As I have mentioned before, I often do sketches while I am commuting on a train or when I am sitting waiting for something such as a doctor's appointment. For the most part, these sketches are just for practice. However, from time to time, one is a special image that I would like to take further.
The problem is that the sketches are small, pocket-size images done on a note pad or on a piece of scrap paper. Their size and the quality of the paper preclude trying to make them into a series piece of art.
My solution has been the traditional one - - I hand copy the image onto a larger, better quality piece of paper. Once the image has been successfully transferred, I can add color, change it or otherwise develop the work.
A problem with this method is that sometimes something gets lost in making the copy. An image can have a certain something that cannot be re-captured no matter how hard you try. A random line or two may be what gives the sketch its character. Also, hand copying can be a lot of work.
This week, I tried an experiment. I took two small sketches and made high-quality digital images of them.
Once you make a digital image of a work, there is a lot that you can do with it using a photo editing program such as Photoshop. You can add color, erase mistakes, improve the brightness and contrast etc.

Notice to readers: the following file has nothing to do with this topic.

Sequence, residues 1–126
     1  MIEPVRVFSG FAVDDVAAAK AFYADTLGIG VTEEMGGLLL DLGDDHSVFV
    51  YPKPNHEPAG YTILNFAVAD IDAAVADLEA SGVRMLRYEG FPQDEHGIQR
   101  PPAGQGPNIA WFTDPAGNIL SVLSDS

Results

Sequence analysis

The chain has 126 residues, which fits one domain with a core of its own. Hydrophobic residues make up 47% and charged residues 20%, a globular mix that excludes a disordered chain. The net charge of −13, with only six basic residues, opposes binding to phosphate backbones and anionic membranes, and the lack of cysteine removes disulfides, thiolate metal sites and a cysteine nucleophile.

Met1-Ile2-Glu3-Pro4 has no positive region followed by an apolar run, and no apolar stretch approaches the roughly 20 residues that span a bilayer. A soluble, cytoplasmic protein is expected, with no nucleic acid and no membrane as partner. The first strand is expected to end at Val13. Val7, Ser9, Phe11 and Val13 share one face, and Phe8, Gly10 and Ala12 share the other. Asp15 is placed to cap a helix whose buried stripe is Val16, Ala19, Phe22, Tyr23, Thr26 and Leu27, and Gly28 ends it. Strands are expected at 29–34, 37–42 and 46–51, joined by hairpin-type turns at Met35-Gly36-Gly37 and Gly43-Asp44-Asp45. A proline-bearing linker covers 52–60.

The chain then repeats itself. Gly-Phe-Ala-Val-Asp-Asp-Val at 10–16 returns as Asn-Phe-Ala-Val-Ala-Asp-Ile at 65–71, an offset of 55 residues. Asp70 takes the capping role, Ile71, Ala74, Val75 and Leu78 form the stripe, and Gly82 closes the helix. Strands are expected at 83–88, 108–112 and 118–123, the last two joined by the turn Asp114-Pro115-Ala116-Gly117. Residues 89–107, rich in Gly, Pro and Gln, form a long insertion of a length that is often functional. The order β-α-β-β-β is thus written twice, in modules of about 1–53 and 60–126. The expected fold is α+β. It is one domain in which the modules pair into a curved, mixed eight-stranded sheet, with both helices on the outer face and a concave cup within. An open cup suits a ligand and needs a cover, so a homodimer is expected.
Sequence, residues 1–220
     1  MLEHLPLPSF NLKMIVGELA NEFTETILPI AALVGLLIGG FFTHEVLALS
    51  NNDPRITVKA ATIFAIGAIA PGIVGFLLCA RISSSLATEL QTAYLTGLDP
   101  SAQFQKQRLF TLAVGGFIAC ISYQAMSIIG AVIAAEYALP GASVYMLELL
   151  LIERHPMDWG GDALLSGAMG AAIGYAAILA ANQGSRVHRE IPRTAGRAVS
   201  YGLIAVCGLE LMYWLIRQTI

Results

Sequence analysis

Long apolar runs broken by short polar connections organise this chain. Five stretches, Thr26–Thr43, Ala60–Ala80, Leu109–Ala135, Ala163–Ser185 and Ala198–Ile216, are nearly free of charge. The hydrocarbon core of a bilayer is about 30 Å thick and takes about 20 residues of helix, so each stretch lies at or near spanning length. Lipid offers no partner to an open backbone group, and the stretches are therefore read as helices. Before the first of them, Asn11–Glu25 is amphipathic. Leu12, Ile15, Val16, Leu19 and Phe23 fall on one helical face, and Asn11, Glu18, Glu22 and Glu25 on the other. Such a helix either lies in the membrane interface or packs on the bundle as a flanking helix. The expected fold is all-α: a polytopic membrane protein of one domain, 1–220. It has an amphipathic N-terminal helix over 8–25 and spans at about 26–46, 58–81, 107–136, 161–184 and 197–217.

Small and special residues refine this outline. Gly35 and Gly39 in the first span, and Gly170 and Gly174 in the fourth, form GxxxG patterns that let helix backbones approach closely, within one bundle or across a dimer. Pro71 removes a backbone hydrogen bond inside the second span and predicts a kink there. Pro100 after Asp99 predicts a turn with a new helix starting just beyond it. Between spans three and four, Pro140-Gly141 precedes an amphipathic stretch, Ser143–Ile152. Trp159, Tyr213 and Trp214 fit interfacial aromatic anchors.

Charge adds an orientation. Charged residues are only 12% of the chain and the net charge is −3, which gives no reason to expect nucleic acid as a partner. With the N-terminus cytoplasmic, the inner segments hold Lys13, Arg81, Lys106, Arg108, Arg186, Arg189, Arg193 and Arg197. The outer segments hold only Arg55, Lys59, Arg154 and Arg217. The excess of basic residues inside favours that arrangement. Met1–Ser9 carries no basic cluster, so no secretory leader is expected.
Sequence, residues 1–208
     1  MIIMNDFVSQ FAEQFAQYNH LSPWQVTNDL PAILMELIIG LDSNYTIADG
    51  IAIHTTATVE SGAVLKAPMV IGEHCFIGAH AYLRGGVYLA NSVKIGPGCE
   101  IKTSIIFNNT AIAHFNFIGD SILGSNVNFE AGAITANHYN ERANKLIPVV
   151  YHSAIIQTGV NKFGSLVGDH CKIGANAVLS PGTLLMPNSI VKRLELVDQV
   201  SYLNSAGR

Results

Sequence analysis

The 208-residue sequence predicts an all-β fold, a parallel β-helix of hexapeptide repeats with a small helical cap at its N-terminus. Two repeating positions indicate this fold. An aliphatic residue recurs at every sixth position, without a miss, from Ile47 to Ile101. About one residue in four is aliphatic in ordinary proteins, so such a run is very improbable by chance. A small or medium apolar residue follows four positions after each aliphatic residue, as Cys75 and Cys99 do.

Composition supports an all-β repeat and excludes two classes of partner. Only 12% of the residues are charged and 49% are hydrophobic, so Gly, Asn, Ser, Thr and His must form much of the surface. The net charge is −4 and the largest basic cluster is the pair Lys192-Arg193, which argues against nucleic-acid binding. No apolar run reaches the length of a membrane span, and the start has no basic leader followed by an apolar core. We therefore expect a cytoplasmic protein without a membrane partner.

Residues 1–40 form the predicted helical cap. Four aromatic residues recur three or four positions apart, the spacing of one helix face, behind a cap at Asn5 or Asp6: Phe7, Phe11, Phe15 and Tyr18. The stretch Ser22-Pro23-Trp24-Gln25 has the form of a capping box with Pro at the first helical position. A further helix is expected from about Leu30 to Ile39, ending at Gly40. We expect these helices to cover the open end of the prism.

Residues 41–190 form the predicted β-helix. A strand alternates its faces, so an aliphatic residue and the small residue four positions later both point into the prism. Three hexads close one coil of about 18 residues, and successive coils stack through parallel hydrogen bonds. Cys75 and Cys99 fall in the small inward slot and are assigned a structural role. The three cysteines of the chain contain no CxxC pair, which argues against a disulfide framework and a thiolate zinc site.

But I was not looking to digitally manipulate these sketches. Rather, my goal was to enlarge the image and then work on it by hand.
Therefore, the next step was to print the images. Of course, the print will depend upon the quality of the printer. However, using my rather ancient printer, I was able to print out acceptable quality prints that could serve as the base for further development.
I then used a pen to emphasize some of the lines. For color, I used colored pencils on one and Cray-pas on the other.
I was pleased with the results. The size of the works was now more substantial. Also, the addition of color had enhanced the images.
Clearly, there are limitations to this process. The largest paper my printer will accept is A4 so the image cannot be larger than one that would fit on that size paper. Along the same lines, he printer is probably not capable of handling heavy water color paper and the like. A better printer would push these limits out further.
I don't think I will give up on hand copying. However, this little experiment has put another arrow in my quiver.
Before and after. On the left side are the original images, both done on 3 x 5 inch note paper. On the right, are the images after scanning, printing and further development by hand. They are now on *.5 by 11 inch paper.
Rich Wagner is a writer, photographer and artist.